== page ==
Polycarbonate macrodiols have also been used as reactive ingredients in the synthesis of block and segmented copolymer systems, in particular high performance polyurethanes. Processes for preparing polycarbonate macrodiols based on a range of bishydroxy alkylene compounds are disclosed in JP 62,241,920 (Toa Gosei Chemical Industry Co. Ltd.), JP 64,01,726 (Dainippon Ink and Chemicals, Inc.), JP 62,187,725 (Daicel Chemical Industries, Ltd.) DE 3,717,060 (Bayer A. G.), U.S. Pat. No. 4,105,641 (Bayer Aktiengesellschaft), U.S. Pat. No. 4,131,731 (Beatrice Foods Company) and U.S. Pat. No. 5,171,830 (Arco Chemical Technology).
The most common alkylenediol described in these patent specifications is 1,6-hexanediol.
Although polycarbonate macrodiols are generally classified under polyesters, the corresponding polyurethanes exhibit hydrolytic stabilities comparable or in some cases superior to polyetherurethanes3. They also possess high tensile strength and toughness. These properties are attributed to the high level of phase mixing, promoted by intermolecular hydrogen bonding involving the hard segment urethane hydrogens and the carbonate functional groups of the soft segment. The hydrogen bonding is also partly responsible for the relatively poor elastomeric properties such as low flexibility and high durometer hardness of polyurethanes based on polycarbonate macrodiols. These properties are in contrast to those of the non polar macrodiol based polyurethanes, such as those based on siloxanes.
A requirement accordingly exists to develop silicon-based macrodiols for use as building blocks of segmented copolymers such as polyurethanes with structural features that allow good compatibility and mechanical properties. Suitable macrodiols would retain the advantages of silicon-based polymers such as flexibility, low temperature performance, stability and in some cases biocompatibility. The disadvantages of poor mechanical properties will preferably be avoided so that the silicon-based macrodiols can form part of materials which can be used in various demanding applications, particularly the biomedical field.
According to one aspect of the present invention there is provided a silicon-based polycarbonate of the formula (I):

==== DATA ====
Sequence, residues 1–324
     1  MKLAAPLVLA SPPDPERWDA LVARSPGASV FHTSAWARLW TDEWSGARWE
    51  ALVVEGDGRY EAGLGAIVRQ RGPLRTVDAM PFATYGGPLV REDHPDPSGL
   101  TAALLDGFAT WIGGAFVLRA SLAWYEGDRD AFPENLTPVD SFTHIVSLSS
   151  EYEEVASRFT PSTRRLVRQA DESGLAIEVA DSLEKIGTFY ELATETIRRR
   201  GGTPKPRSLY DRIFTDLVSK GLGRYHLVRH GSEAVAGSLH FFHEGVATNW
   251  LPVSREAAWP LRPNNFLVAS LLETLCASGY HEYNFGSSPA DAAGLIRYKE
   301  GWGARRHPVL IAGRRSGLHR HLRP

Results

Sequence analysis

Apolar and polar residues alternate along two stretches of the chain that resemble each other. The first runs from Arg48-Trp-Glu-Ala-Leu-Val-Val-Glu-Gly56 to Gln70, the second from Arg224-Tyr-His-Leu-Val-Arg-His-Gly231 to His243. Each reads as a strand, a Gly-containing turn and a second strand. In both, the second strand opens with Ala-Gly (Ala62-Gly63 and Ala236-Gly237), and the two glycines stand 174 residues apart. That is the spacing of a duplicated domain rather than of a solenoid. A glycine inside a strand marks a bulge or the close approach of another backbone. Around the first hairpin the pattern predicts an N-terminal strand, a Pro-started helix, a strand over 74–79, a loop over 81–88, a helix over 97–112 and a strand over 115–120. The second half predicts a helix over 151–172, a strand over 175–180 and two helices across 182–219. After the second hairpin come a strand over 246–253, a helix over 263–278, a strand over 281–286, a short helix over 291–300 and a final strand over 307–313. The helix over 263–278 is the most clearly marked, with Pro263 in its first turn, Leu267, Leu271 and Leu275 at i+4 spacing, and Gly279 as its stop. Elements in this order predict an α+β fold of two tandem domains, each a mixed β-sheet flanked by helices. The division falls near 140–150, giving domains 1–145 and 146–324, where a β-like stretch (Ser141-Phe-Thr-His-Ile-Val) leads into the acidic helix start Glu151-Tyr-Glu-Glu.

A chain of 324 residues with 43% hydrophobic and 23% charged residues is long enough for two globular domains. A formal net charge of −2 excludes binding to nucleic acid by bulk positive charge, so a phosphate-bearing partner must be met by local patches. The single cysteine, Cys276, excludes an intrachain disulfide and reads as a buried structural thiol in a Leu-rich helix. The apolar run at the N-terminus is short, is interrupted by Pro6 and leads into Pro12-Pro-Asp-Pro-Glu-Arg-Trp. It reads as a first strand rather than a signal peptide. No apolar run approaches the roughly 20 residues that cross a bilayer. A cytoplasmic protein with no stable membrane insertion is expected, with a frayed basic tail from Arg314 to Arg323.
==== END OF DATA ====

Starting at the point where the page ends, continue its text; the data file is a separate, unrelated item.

The hydrocarbon radical for substituents R1, R2, R3 and R4 may include alkyl, alkenyl, alkynyl, aryl or heterocyclyl radicals. It will be appreciated that the equivalent radicals may be used for substituents R5, R6, R7, R8 and R9 except that the reference to alkyl, alkenyl and alkynyl should be to alkylene, alkenylene and alkynylene, respectively. In order to avoid repetition, only detailed definitions of alkyl, alkenyl and alkynyl are provided hereinafter.
The term “alkyl” denotes straight chain, branched or mono- or poly-cyclic alkyl, preferably C1-12 alkyl or cycloalkyl. Examples of straight chain and branched alkyl include methyl, ethyl, propyl, isopropyl, butyl, isobutyl, sec-butyl, amyl, isoamyl, sec-amyl, 1,2-dimethylpropyl, 1,1-dimethylpropyl, pentyl, hexyl, 4-methylpentyl, 1-methylpentyl, 2-methylpentyl, 3-methylpentyl, 1,1-dimethylbutyl, 2,2-dimethylbutyl, 3,3-dimethylbutyl, 1,2-dimethylbutyl, 1,3-dimethylbutyl, 1,2,2-trimethylpropyl, 1,1,2-trimethylpropyl, heptyl, 5-methylhexyl, 1-methylhexyl, 2,2-dimethylpentyl, 3,3-dimethylpentyl, 4,4-dimethylpentyl, 1,2-dimethylpentyl, 1,3-dimethylpentyl, 1,4-dimethylpentyl, 1,2,3-trimethylbutyl, 1,1,2-trimethylbutyl, 1,1,3-trimethylbutyl, octyl, 6-methylheptyl, 1-methylheptyl, 1,1,3,3-tetramethylbutyl, nonyl, 1-, 2-, 3-, 4-, 5-, 6- or 7-methyloctyl, 1-, 2-, 3-, 4- or 5-ethylheptyl, 1-, 2- or 3-propylhexyl, decyl, 1-, 2-, 3-, 4-, 5-, 6-, 7- and 8-methylnonyl, 1-, 2-, 3-, 4-, 5- or 6-ethyloctyl, 1-, 2-, 3-, or 4-propylheptyl, undecyl 1-, 2-, 3-, 4-, 5-, 6-, 7-, 8- or 9-methyldecyl, 1-, 2-, 3-, 4-, 5-, 6- or 7-ethylnonyl, 1-, 2-, 3-, 4- or 5-propyloctyl, 1-, 2- or 3-butylheptyl, 1-pentylhexyl, dodecyl, 1-, 2-, 3-, 4-, 5-, 6-, 7-, 8-, 9- or 10-methylundecyl, 1-, 2-, 3-, 4-, 5-, 6-, 7- or 8-ethyldecyl, 1-, 2-, 3-, 4-, 5- or 6-propylnonyl, 1-, 2-, 3- or 4-butyloctyl, 1,2-pentylheptyl and the like. Examples of cyclic alkyl include cyclopropyl, cyclobutyl, cyclopentyl, cyclohexyl, cycloheptyl, cyclooctyl, cyclononyl and cyclodecyl and the like.